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The transition to electric automobiles in Massachusetts is lagging

Although Massachusetts is nowhere near the number of electric cars required to meet climate targets, a top Baker administration representative said Thursday that she wants to “push” for financing in a new bill to increase charging choices and other necessary infrastructure.

Kathleen Theoharides, the Secretary of Energy and Environmental Affairs joined Governor Charlie Baker to help unveil a $9.7 billion multi-year borrowing legislation for transportation infrastructure, which she said includes funding for charging infrastructure, assisting businesses in transitioning to electric vehicles, and school bus electrification, among other things.

She later became part of The Nature Conservancy for one hour-long look back at her time as Secretary of State under Baker, when she stated that public investment and private sector advances could help bend the trajectory of electric vehicle sales higher.

With about 36,000 electric cars on the road in Massachusetts, the number of zero-emission trucks and cars far outnumbers the 1 million vehicle target set by the government to cut carbon emissions by 45% below 1990 levels by the year 2030.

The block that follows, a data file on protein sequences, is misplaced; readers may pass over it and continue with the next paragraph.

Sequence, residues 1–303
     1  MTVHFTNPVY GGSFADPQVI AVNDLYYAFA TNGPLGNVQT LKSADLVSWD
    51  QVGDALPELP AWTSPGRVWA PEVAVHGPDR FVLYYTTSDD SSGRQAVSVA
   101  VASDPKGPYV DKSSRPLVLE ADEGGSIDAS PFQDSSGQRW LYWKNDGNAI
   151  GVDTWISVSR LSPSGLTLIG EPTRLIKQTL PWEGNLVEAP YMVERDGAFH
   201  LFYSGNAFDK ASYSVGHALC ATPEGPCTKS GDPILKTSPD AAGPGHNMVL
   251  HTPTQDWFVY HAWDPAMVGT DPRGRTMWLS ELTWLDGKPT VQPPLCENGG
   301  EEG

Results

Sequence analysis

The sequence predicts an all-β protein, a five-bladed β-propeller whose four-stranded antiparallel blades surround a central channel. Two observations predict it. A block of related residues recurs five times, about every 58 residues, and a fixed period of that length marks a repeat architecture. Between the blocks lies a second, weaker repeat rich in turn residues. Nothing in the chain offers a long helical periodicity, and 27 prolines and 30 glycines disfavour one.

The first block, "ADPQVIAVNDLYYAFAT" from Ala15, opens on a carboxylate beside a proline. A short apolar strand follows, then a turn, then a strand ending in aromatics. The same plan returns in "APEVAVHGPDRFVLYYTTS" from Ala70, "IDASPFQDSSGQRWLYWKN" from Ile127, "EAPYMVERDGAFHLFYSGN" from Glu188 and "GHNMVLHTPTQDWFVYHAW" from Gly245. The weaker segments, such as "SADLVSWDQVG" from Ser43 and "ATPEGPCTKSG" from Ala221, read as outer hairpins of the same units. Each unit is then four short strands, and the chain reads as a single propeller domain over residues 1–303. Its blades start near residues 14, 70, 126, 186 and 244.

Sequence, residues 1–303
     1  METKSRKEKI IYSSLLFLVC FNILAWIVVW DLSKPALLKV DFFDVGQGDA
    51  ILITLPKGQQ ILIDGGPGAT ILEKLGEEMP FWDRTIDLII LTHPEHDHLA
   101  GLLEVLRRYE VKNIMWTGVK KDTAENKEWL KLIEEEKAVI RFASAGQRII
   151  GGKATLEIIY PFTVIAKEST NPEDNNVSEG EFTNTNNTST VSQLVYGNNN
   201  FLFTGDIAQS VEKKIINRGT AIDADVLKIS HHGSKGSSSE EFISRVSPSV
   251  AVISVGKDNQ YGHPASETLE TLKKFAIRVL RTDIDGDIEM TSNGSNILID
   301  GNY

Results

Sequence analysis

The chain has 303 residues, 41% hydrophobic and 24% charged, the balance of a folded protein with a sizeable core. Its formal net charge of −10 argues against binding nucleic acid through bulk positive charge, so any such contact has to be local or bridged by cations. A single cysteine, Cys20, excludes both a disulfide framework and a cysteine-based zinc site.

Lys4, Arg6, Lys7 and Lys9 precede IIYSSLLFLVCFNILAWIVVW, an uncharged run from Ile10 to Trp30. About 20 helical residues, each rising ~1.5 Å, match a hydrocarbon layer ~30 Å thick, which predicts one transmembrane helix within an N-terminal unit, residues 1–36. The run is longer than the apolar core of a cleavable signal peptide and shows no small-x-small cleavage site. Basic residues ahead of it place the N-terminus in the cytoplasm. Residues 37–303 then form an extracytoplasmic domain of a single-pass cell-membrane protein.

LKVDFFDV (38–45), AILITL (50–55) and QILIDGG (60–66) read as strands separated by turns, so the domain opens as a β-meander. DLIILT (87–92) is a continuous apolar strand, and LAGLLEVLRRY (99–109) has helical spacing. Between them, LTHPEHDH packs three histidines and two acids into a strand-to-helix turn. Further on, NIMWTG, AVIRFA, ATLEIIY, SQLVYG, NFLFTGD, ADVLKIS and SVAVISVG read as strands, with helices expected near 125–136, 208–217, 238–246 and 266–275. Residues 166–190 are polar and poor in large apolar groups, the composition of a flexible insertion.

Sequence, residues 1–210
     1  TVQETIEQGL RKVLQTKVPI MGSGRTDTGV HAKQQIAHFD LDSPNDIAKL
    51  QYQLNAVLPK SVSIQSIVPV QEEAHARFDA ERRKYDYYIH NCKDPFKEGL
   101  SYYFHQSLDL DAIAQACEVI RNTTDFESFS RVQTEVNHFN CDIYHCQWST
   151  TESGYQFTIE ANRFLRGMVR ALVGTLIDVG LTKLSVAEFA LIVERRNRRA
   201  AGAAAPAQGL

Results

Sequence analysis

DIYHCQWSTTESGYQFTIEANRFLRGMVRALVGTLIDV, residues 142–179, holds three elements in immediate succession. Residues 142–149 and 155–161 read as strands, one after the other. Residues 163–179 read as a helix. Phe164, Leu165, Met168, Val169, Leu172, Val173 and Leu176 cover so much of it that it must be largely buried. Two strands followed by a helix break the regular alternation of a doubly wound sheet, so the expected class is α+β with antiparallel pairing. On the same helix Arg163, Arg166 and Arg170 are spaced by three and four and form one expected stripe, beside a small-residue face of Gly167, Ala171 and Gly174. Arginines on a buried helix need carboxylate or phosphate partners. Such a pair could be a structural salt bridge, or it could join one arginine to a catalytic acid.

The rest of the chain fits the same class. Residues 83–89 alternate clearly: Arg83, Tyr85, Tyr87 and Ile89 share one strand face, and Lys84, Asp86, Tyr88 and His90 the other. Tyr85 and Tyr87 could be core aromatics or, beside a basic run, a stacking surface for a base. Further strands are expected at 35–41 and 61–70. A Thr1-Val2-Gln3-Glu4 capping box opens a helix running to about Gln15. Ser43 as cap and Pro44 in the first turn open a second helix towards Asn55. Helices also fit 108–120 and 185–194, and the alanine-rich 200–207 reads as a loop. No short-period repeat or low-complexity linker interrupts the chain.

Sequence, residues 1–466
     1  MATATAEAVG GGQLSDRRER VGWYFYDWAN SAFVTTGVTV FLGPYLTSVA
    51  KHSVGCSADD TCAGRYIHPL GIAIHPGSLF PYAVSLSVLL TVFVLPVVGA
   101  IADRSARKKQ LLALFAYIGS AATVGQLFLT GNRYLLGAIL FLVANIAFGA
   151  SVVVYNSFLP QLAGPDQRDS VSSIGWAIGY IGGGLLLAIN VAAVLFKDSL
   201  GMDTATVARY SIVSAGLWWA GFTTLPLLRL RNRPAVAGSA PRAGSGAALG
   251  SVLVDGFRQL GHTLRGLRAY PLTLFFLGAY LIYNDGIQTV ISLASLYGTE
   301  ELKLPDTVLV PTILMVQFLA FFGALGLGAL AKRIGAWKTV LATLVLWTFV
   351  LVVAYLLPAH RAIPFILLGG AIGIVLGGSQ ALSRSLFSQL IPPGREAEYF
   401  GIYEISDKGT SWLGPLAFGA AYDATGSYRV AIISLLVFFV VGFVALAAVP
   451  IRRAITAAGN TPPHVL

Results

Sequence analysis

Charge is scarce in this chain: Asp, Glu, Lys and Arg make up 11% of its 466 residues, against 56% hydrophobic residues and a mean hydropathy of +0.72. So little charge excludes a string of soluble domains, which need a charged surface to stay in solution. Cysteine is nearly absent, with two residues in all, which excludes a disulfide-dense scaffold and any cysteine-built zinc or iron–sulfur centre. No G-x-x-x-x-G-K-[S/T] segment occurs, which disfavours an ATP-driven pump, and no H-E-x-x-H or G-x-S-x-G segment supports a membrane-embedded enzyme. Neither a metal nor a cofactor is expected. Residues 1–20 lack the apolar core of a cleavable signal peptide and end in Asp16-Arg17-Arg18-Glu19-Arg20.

“We clearly believe the pandemic had an impact on this, even though we were already behind,” Theoharides told Deb Markowitz of The Nature Conservancy.

Beginning in 2035, Massachusetts will require all new passenger automobiles sold to be zero-emission vehicles, in accordance with California’s approved emission regulations and the Massachusetts Clean Air Act’s requirement to adopt the Golden State’s emission standards.

While electric car sales have stalled owing to pricing and other considerations, Theoharides said the auto industry has reacted by providing consumers with more options, such as Ford’s electric pickup trucks and other manufacturers’ larger SUVs for families.

“Consumer choice is at an all-time high,” she remarked. “We believe the market is heading in a much more straightforward way. Battery life is also greatly improving.”

The state is looking at methods to increase charging capability to city streets as well as parking garages to address “range anxiety” issues that make drivers anxious about running out of energy on longer excursions, according to Theoharides.

“We believe the curve is one of those usual clean energy curves that starts slowly and then accelerates,” she added. “However, we have our task cut out for us to ensure it accelerates.”

Theoharides spoke with The Nature Conservancy about her career progression, how the COVID-19 outbreak drove her to focus on unanticipated topics like ensuring safe park access, and the significance of finding dedicated climate resiliency financing.

She stated that one of her greatest regrets was not being able to complete the regional Transportation Climate Initiative. The collapse of the multi-state cooperation to cut carbon dioxide emissions from transportation was “disappointing,” according to Theoharides, who ascribed it in part to COVID-19 pandemic and the infusion of federal relief monies, which made the revenue available from TCI less appealing to state leaders.

“You can’t force a politician to do something he or she doesn’t believe in,” Theoharides remarked. Critics of the regional compact claim that governments are hesitant to join because it will likely raise gas costs.

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